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Yesterday was somewhat all over the place, workwise. I had to make a trip to the library at Emory for more research on The Dinosaurs of Mars (which will easily be the most researched book I've ever written). I sent "In View of Nothing" to Vince to be illustrated. E-mail to docbrite trying to locate the current e-mail address of my first agent (who was also her first agent). E-mail with Liz, my editor at Roc. Having recently remembered that my website has been languishing since the theft of Spooky's iBook waaaay back in December, I e-mailed the second page photo to scarletboi so he can make an image map of it. Stuff like that consumed yesterday. But mostly the library. Trips to the library are one of the better parts of being a writer. Jeez...still groggy. Finally, I seem to be catching up on my sleep. More than seven hours last night. Anyway, I came back from Emory with only a very modest stack of books:

Howard Philips Lovecraft: Dreamer on the Nightside by Frank Belknap Long (1975)
A Guide to Barsoom by John Flint Roy (1976)
Recent Vertebrate Carcasses and their Paleobiological Implications by Johannes Weigelt (1927;1989)
Edgar Rice Burroughs: The Man Who Created Tarzan by Irwin Porges (1975)
An Agenda for Antiquity: Henry Fairfield Osborn and Vertebrate Paleontology... by Ronald Rainger (1991)

Today I have to write the piece for Locus, which, predictably, I've let go until the last minute. And speaking of my my occasional snippets of non-fiction, the next issue of Weird Tales (#344) will include a short essay regarding a peculiar experience Spooky and I had during our month in Rhode Island last summer. Another damned experience (sensu Fort), and one I have not previously discussed. Also, note that from now through April, you may score a one-year subscription to Weird Tales, newly redesigned, for 66% off the newsstand price. That six issues for a paltry $12, just two bucks per. But the offer is only good through April 31st. Oh, here's the cover for #344:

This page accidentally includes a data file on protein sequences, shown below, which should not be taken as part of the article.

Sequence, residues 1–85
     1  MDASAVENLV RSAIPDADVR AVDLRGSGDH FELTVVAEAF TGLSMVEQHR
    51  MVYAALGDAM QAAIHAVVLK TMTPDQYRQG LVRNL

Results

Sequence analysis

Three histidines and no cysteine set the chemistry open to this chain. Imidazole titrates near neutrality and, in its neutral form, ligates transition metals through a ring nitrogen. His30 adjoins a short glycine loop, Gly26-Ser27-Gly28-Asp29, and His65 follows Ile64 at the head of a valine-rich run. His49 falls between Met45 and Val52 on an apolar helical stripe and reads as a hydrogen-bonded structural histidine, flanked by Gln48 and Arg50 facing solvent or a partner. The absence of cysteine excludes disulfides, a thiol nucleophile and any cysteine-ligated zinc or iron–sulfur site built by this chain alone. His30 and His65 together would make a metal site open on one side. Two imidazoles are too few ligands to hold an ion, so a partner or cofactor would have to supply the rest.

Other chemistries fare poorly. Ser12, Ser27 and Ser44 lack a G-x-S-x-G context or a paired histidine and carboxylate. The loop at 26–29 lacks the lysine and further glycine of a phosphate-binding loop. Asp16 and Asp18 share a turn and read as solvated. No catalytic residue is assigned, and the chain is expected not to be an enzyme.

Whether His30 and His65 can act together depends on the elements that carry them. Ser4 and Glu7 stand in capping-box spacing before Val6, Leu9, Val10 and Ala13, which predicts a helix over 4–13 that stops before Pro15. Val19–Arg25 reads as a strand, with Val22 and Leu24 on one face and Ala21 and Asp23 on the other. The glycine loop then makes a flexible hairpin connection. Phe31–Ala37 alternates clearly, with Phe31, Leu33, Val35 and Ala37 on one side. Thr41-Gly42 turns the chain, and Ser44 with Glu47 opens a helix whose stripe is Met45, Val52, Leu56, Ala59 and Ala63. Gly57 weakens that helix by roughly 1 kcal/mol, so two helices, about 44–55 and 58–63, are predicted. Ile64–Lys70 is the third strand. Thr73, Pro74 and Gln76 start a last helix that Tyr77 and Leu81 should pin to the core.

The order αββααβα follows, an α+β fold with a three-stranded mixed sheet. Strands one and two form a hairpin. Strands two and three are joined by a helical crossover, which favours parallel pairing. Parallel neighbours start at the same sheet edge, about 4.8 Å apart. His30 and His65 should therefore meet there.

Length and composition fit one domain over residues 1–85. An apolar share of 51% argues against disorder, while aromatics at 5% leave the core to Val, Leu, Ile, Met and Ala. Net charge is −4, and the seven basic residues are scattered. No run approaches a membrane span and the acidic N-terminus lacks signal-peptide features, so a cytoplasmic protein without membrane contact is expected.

Last night, after the library and a quick Thai dinner, we watched Young Sherlock Holmes (1985), a film I loved when it was first released and which I still find delightful. Sure, there are flaws. For example, far too many things happen for no reason whatsoever other than that they serve to drive the story forward or set the stage for the familiar adult Holmes. But, like I said, still delightful. Also, the film was scripted by Harry Potter director/producer Chris Columbus, and you can see that he brought much of the look and feel of Young Sherlock Holmes to the Potter films.

papersteven asks, "Quick question regarding the four editions of Silk: I only have the Roc tpb and the Gauntlet hc. Which is the third?"

Here are the three editions of Silk so far:

1) Silk (Roc, mass-market paperback; May/June '98)
2) Silk (Gauntlet, limited-edition hardback; August '99)
3) Silk (Roc, trade paperback; November '02)

I see it's already after one p.m., and I need to wrap this up. But I did want to pass along this link: David Roberts' ("The Huffington Post") response to The New York Times' recent attack on Al Gore and the science behind An Inconvenient Truth...or rather, the NYT' attack on the claim that the scientific consensus is that yes, global warming is real, and yes, human beings are the primary culprit. I admit, I do tend to expect better journalism from The New York Times.

Comments

setsuled
Mar. 15th, 2007 01:36 am (UTC)
we watched Young Sherlock Holmes (1985)

I haven't seen that one, though I'd read about it. I wondered if it was any good--thanks for mentioning it.

It's certainly bound to be better than Sherlock Holmes in the 22nd Century.

I admit, I do tend to expect better journalism from The New York Times.

Me too. I guess if there's a silver lining to this, it's that right-wing pundits won't as easily be able to accuse The New York Times of liberal bias. Though part of the cloud that lining's attached to is that a lot of right-wing pundits are now able to say, "Look--even left-wing publications say the jury's still out on Global Warming." Which is pretty much what CNN's right-wing pundit Glen Beck said yesterday, when I first heard about the story.
greygirlbeast
Mar. 15th, 2007 03:31 am (UTC)

I haven't seen that one, though I'd read about it. I wondered if it was any good


Can't guarantee you'll love it, but it's worth a look.

It's certainly bound to be better than Sherlock Holmes in the 22nd Century.

Yes.

"Look--even left-wing publications say the jury's still out on Global Warming." Which is pretty much what CNN's right-wing pundit Glen Beck said yesterday, when I first heard about the story.

It's like a creationist saying the jury's still out of evolutionary theory. It's like saying the jury's still out on water consisting of hydrogen and oxygen.

It's crazy. And no one would be saying the jury's still out, except, as Gore points out in the film, too many people will lose too much money if governments begin to take serious action.